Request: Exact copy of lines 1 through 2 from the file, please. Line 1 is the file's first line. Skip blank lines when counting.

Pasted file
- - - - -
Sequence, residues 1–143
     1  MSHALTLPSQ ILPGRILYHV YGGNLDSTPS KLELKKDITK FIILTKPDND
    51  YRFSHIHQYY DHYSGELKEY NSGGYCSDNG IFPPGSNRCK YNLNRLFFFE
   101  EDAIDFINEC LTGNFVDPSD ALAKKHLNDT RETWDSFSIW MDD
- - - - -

Sequence, residues 1–143
     1  MSHALTLPSQ ILPGRILYHV YGGNLDSTPS KLELKKDITK FIILTKPDND